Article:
Hack 68 Validate an XML Document with a DTD

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XML inherited the Document Type Definition (DTD) from SGML. It is the native language for validating XML?though it is not itself in XML syntax?and is interwoven into the XML 1.0 specification (http://www.w3.org/TR/2004/REC-xml-20040204/). Using non-XML syntax, a DTD defines the structure or content model of a valid XML instance. A DTD can define elements, attributes, entities, and notations, and can contain comments (just like XML comments), conditional sections, and a structure unique to DTDs called parameter entities. DTDs can be internal or external to an XML document, or both. This hack shows you how to implement all the basic structures of a DTD.

Example 5-1 shows external.xml, and Example 5-2 shows a DTD against which external.xml is valid. The external DTD is called order.dtd. This is also known as an external subset. This DTD is a local file in this example, but it could also exist across a network.

Example 5-1. external.xml
<?xml version="1.0" encoding="UTF-8" standalone="no"?>



<!DOCTYPE order SYSTEM "order.dtd">



<order id="TDI-983857">

 <store>Prineville</store>

 <product>feed-grade whole oats</product>

 <package>sack</package>

 <weight std="lbs.">50</weight>

 <quantity>23</quantity>

 <price cur="USD">

  <high>5.99</high>

  <regular>4.99</regular>

  <discount>3.99</discount>

 </price>

 <ship>the back of Tom's pickup</ship>

</order>

5.2.1 External Subset

The XML declaration on line 1 declares that this document does not stand alone. That's because on line 2, external.xml references the DTD order.dtd. The file order.dtd is considered an external entity and is called an external subset. The SYSTEM keyword on line 2 indicates that the DTD will be identified by a system identifier, which for all practical purposes is a URL for a local or remote file.

In this DTD, all the valid structures found in external.xml are declared. The document element is order (line 4), which has child elements that describe the pieces of a purchase order, including information on the store, product, product packaging, product weight, quantity, price, and shipping method. Validate external.xml against its associated DTD order.dtd by using RXP, xmlvalid, or xmllint on the command line [Hack #9], or use RXP online, or the Brown University STG online validator [Hack #9].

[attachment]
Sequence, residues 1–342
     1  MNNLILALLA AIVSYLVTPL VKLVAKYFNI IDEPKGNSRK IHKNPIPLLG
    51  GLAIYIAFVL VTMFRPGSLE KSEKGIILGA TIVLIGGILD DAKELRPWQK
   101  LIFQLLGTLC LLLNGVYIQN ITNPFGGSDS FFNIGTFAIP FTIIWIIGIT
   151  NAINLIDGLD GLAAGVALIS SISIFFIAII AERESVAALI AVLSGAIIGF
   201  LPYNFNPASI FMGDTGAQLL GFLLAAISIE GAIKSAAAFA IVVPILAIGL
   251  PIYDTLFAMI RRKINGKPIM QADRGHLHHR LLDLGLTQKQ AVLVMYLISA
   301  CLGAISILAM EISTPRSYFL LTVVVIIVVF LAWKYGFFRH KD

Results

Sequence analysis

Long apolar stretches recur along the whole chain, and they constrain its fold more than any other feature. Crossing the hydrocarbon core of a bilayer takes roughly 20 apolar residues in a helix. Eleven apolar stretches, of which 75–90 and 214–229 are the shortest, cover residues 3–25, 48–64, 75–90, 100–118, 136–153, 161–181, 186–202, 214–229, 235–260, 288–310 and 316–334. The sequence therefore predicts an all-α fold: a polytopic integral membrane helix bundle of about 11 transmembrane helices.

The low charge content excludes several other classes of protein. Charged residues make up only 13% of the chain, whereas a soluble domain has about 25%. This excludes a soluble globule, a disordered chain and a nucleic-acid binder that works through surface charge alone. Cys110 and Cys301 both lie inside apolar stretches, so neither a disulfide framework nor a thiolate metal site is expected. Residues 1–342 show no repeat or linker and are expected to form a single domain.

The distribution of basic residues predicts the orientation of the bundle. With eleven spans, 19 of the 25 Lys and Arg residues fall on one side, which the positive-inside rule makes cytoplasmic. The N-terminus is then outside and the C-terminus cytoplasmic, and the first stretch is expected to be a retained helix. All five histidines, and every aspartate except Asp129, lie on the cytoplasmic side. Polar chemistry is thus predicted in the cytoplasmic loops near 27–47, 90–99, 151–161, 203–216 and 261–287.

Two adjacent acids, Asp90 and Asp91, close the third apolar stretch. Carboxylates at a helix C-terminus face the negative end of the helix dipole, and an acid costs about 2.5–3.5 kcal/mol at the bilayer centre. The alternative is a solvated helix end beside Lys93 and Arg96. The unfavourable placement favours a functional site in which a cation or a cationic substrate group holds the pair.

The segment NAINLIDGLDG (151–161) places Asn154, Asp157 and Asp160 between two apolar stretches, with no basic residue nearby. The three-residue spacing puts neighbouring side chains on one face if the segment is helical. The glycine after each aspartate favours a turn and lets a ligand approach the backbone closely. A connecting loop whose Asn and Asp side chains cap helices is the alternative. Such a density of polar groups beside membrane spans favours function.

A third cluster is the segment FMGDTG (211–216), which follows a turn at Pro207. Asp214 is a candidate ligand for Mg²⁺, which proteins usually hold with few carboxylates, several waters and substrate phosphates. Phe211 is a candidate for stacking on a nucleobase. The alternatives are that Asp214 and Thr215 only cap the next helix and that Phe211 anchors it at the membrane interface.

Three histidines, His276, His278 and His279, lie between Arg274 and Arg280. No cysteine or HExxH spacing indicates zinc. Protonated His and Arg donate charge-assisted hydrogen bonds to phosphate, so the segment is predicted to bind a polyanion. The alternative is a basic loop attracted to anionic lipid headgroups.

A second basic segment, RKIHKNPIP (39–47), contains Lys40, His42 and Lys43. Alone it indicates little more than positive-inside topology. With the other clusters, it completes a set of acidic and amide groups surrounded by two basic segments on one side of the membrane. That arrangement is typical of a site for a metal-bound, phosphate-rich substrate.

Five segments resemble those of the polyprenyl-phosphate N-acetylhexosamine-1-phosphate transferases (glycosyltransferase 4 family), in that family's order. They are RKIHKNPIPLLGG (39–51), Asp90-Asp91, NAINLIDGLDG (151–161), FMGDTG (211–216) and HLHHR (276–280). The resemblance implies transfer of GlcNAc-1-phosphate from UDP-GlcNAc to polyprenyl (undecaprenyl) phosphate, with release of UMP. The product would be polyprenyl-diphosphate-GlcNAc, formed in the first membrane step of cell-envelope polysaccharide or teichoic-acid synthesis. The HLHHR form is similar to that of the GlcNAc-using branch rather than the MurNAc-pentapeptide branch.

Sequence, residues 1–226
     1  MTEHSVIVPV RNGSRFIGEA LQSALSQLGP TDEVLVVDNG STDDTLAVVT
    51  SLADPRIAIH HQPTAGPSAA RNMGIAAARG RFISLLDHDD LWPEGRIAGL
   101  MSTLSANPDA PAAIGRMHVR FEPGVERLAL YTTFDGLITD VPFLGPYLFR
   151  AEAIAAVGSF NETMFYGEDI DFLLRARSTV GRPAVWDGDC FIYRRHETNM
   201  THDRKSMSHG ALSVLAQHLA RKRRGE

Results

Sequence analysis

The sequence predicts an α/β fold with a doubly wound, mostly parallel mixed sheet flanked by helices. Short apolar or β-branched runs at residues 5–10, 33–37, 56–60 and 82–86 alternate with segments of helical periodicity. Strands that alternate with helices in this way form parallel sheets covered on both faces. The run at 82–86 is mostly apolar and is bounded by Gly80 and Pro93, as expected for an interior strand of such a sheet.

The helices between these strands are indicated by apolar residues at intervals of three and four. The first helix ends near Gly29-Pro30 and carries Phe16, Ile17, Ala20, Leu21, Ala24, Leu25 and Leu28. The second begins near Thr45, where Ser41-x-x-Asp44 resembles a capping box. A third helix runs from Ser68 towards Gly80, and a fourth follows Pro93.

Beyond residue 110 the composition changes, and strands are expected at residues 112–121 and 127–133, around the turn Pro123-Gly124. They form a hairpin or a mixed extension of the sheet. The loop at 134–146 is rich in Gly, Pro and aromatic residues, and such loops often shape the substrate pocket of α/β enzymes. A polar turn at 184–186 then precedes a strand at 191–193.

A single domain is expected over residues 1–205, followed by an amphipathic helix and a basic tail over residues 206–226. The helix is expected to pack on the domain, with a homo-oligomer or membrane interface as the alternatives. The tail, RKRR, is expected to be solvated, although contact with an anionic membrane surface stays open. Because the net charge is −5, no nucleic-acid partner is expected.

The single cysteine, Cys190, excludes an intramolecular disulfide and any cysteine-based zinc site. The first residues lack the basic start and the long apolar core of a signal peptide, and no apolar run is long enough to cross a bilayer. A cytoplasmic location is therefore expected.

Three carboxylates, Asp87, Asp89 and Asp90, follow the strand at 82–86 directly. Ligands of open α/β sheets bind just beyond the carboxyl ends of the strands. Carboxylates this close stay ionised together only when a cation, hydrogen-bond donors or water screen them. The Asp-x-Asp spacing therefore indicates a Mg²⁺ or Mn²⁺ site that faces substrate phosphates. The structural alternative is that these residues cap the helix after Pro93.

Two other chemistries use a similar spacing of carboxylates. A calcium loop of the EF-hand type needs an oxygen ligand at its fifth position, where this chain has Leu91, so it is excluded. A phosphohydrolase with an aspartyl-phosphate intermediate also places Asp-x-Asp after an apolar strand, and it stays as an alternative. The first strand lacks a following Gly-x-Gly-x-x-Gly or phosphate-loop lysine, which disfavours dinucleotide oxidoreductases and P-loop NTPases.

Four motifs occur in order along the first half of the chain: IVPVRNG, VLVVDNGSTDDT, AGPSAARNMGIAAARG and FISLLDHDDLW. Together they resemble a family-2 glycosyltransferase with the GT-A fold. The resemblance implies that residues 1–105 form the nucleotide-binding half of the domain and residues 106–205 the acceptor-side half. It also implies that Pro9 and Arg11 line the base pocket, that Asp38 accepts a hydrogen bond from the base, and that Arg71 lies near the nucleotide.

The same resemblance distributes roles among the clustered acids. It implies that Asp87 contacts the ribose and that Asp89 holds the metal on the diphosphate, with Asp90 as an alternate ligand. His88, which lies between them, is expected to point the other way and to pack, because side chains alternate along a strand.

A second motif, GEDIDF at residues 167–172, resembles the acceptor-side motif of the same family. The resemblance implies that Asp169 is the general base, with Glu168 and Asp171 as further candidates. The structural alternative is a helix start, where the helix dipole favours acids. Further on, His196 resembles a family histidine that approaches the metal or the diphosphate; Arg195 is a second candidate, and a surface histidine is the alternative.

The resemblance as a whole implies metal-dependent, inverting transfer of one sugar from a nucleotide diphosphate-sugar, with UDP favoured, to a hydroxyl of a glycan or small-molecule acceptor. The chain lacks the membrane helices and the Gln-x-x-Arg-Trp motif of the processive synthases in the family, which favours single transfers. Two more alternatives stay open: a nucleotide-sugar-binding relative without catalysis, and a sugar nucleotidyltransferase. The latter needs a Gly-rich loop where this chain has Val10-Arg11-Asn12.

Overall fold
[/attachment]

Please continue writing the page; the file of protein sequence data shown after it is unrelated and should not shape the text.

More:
Example 5-2. order.dtd
<?xml encoding="UTF-8"?>



<!-- Order DTD -->



<!ELEMENT order (store+,product,package?,weight?,quantity,price,ship*)>



<!-- id = part number -->



<!ATTLIST order id ID #REQUIRED



                xmlns CDATA #FIXED "http://www.wyeast.net/order"



                date CDATA #IMPLIED>



<!ELEMENT store (#PCDATA)>



<!ELEMENT product (#PCDATA)>



<!ELEMENT package (#PCDATA)>



<!ELEMENT weight (#PCDATA)>



<!ATTLIST weight std NMTOKEN #REQUIRED>



<!ELEMENT quantity (#PCDATA)>



<!ELEMENT price (high?,regular,discount?,total?)>



<!ATTLIST price cur (USD|CAD|AUD|EUR) "USD">



<!ELEMENT high (#PCDATA)>



<!ELEMENT regular (#PCDATA)>



<!ELEMENT discount (#PCDATA)>



<!ELEMENT ship (#PCDATA)>

5.2.1.1 The text declaration

A text declaration (http://www.w3.org/TR/2004/REC-xml-20040204/#sec-TextDecl) is similar to an XML declaration (see "The XML Declaration" in Chapter 1), except that version information (e.g., version="1.0") is optional; encoding declarations, such as encoding="UTF-8", are required; and there are no standalone declarations (e.g., standalone="no").

5.2.1.2 Element type declarations and content models

Most of the lines in this DTD contain element type declarations (http://www.w3.org/TR/2004/REC-xml-20040204/#elemdecls). This is one of several kinds of markup declarations (http://www.w3.org/TR/2004/REC-xml-20040204/#dt-markupdecl) that may appear in a DTD. The simplest, on lines 8 through 11 and lines 16 through 19, have content models for parsed character data (#PCDATA), which means that these elements must contain only text?no element children. The elements declared on lines 3 and 14 (order and price) have content models that include only child elements. The +, ?, and * symbols denote occurrence constraints, meaning that the child elements may occur only a given number of times: + means that the element may occur one or more times; ? means the element may occur zero or one time (that is, it's optional); and * means the element may occur zero or more times. When an element name in a content model is followed by a comma (,), that means that exactly one of those elements may occur.

5.2.1.3 Attribute-list declarations

The DTD order.dtd has three attribute-list declarations on lines 5, 12, and 15. You can declare one or more attributes at a time, hence the phrase attribute list. The first declares three attributes, id, xmlns, and date. XML attributes declared in DTDs must have one of 10 possible types: CDATA, ID, IDREF, IDREFS, ENTITY, ENTITIES, NMTOKEN, NMTOKENS, NOTATION, and enumeration (see http://www.w3.org/TR/2004/REC-xml-20040204/#sec-attribute-types for an explanation of all the types).

The attribute id on line 5 is of type ID, which must be an XML name (http://www.w3.org/TR/2004/REC-xml-20040204/#NT-Name) and must be unique (http://www.w3.org/TR/2004/REC-xml-20040204/#id). It is also required (#REQUIRED); that is, it must appear in any valid instance of the DTD.